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Strategies for Cost-Effective Supplementation of Beef Cattle

Matt Hersom and W. E. Kunkle

Forage should provide the majority of the nutrition for the beef herd. Seasonal forage growth and changes in forage quality challenge most cattle managers to provide adequate nutrition at reasonable costs. The following article gives several alternatives to consider in your cow-calf production system.

Stretching the Forage Supply

Many areas of Florida occasionally will experience both seasonal and weather-induced drought. The forage harvested as hay and standing forage available in pastures are decreased, and changes in management may be needed to mitigate the effects of drought on production. Owners should consider multiple strategies to stretch the forage supply, including forage, supplement, and cattle management options.

Forage Management

Selectively fertilize. Forage growth can be increased if there is adequate soil moisture, temperature, and daylight length. Timing of fertilizer application and the amount of fertilizer applied are key factors that dictate the success of fertilization. Warm season perennials such as stargrass and limpograss have more growth potential in the fall and will likely provide more forage production than bahiagrass.

Rotationally graze. Forage production is often increased when forage is rotationally grazed compared to continuously grazed. If forage supply is limited, rotational grazing allows both better rationing of the forage to the cattle and time for forage regrowth.

Make hay. Forage conserved as hay can be managed to reduce waste and defer forage resources for later use. Harvesting hay from fields not fenced or purchasing hay from another producer may be possible. Consider purchasing hay early and storing in a manner that limits weathering losses.

Use hay feeders. Round bale hay feeders can reduce hay wastage especially with low-quality forage or forage fed in wet weather. The savings in waste will often pay for the bale feeder in one season. Hay waste can be as great as 42% when fed on the ground and limited to only 3.5% when fed in tapered-cone feeders. Unrolling hay bales may be an alternative to reduce hay wastage, but waste can be as great as 24%.

Plant annual forages. Rye, wheat, oats, and/or ryegrass can produce good yields of high-quality forage if rainfall and temperature are favorable. Likewise, the use of summer annuals to bridge gaps in perennial forage production should be considered. Summer annuals can have good yields of high-quality forage, and several are drought tolerant. Selecting fields with better soils and moisture is suggested for good results. Rotational or limited grazing is suggested to increase the stocking density and improve forage use.

Cattle Management

Wean calves early. Weaning and selling calves early will reduce the forage needed to feed the mature cow herd. Early weaning will also reduce the nutritional requirements of the cow, which allows adequate performance with lower quality forage and less total nutritional resource inputs.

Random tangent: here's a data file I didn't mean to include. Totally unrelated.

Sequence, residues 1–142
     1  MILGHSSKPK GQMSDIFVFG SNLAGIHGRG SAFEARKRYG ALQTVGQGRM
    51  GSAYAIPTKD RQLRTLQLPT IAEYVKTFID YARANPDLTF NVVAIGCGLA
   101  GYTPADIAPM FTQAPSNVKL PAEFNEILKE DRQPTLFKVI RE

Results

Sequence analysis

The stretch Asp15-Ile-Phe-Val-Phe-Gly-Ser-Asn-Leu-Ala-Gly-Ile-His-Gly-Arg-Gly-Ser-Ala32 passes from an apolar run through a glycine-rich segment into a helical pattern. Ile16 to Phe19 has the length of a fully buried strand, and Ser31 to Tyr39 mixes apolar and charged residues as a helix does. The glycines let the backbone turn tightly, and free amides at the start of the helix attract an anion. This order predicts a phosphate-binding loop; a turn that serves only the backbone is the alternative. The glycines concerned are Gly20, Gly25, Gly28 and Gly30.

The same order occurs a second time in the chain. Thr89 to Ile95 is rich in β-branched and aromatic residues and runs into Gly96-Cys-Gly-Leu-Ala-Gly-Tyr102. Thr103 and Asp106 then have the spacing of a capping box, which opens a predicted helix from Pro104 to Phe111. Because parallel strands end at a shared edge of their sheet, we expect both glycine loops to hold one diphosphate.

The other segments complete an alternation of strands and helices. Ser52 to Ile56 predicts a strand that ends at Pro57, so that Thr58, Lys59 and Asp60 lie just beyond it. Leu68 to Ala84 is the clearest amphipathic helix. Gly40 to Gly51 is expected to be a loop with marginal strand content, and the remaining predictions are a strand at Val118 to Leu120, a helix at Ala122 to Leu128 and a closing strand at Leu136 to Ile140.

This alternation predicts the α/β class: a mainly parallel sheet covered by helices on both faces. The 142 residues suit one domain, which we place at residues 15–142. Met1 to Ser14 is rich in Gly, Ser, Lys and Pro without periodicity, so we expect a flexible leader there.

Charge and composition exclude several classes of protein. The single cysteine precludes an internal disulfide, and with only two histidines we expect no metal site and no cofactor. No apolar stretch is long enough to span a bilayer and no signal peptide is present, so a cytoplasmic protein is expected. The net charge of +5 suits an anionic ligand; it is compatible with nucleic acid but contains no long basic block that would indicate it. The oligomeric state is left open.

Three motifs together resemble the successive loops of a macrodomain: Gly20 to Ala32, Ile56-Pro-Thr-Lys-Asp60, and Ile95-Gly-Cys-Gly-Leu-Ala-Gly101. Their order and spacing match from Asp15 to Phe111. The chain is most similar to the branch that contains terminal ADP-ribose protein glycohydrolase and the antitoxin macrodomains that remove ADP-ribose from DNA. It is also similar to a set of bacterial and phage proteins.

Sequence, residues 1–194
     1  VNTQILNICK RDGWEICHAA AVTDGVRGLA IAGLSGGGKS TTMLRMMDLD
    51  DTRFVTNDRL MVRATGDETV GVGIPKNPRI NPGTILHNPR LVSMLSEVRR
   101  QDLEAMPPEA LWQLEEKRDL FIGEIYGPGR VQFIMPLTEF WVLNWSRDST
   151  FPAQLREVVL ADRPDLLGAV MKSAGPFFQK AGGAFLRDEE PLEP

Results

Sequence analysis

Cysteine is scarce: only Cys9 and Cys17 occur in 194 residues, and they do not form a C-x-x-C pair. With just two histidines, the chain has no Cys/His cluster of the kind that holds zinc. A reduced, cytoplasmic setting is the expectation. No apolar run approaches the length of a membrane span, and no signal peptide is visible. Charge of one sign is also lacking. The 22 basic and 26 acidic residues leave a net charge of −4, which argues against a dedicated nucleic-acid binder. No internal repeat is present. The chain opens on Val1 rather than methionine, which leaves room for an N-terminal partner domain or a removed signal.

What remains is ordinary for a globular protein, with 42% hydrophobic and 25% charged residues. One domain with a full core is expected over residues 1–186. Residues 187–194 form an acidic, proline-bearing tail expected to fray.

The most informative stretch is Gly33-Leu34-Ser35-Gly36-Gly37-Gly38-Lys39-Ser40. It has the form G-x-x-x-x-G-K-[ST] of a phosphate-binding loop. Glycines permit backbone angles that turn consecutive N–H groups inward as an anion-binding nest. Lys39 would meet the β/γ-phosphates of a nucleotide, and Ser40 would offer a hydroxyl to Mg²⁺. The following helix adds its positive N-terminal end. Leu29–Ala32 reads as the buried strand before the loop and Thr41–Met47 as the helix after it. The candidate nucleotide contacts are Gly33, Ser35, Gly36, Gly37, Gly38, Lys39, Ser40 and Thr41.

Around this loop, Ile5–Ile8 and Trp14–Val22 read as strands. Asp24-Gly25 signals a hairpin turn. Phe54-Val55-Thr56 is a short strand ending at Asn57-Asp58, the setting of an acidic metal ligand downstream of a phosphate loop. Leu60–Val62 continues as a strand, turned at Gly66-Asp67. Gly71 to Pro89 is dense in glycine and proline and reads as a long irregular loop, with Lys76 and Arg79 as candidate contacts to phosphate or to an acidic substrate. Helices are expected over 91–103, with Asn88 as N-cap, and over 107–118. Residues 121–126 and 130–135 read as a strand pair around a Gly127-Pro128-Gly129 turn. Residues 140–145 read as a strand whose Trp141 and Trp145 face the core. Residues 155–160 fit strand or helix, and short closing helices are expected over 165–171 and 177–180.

Sell cows. Cull cows that are open. Only cows that are productive contributors to the cow herd should be retained. Also consider culling thin cows with no teeth and cows with bad eyes, bad udders, bad feet, or a poor calf.

Feed supplements. Harvested forage and concentrate supplements can be used to stretch the pasture. This may be needed for adequate cattle performance when grazing lower quality residual forage. Supplements should be started before all residual forage is gone, and supplements need to be fed where all cattle can eat the supplement at one time.

Strategies to Optimize Cattle Performance

Forage quality and quantity may not always meet the nutritional requirements of the cattle. Cattle owners can evaluate the nutritional status using the body condition score (BCS). BCS has been shown to be closely related to pregnancy rate. A BCS of 5 or above is needed for acceptable reproductive rates. Monitoring the BCS of cows and heifers is a good management tool to evaluate the adequacy of your nutritional program. BCS needs to be considered when evaluating forage management, cattle management, and supplementation alternatives.

Forage Management

Select species. In South Florida, limpograss and stargrass have good growth in the fall. The quality of stargrass declines rapidly with maturity but limpograss maintains quality with advancing maturity. Stargrass should be grazed or cut at 4–6 weeks regrowth, and limpograss should be accumulated for grazing later in the fall. Improved varieties of bermudagrass should be utilized for conservation of forage for later use. Likewise, winter/summer annuals offer viable opportunities to incorporate additional forage resources for the cow herd.

Manage grazing. Cattle selectively graze the higher quality forage first. Heifers and/or thin cows that need higher quality forage should be grazed on pastures first, and then cows in good flesh can graze the lower quality forage.

Test forage. Each cutting and field of forage harvested as hay should be sampled and sent to a forage testing laboratory to determine nutrient content. Contact your county Extension agent for details on the Florida Forage Testing Program. Feed the higher quality forage to growing heifers, thin cows, and lactating cows. Feed lower quality hay to cows in good body condition score before calving.

Ammoniate low-quality hay. Anhydrous ammonia treatment of low-quality hay will improve hay quality and intake, reduce hay wastage, and improve cattle performance. Ammoniated hay will give cattle performance similar to average quality hay and reduce the need for supplements. Low-quality hay, especially hay that has been weathered or stored outside since last year, usually shows significant improvements in feeding value from ammoniation.

Cattle Management

Calculate cattle requirements. The generalized target weights and gains to grow heifers to calve at two years of age and to maintain cows are outlined in Table 1. The total digestible nutrients and crude protein requirements increase at higher weights and gains (Table 2). The quantities of hay and supplements required can be estimated from the nutrient requirements and forage quality. Complete nutrient requirements for cows and calves can be found in AN190 and AN254, respectively.

Calve at BCS 5 or above. Cows calving in good body condition will rebreed sooner and have higher pregnancy rates than thin cows. Cows should be managed from weaning to calving so they will calve at BCS 5 or above. Cows in BCS 4 or lower should be managed from weaning to calving to gain weight and be in BCS 5 at calving. If cows can put on extra body flesh above BCS 5 using better forage management or low-cost strategic supplementation, it will allow additional flesh loss after calving with minimal effects on reproductive performance.

Group cattle by requirements. During the fall and winter, cattle with higher nutritional requirements need to be managed in separate groups and fed to meet the target weights and BCS. Weaned heifers should be managed separately from older heifers and cows. If some cows are below BCS 5, then these cows should be separated and grazed on the best pasture and fed supplements as needed. Cows in BCS 5 or higher can be grazed on residual forage and supplemented to maintain BCS.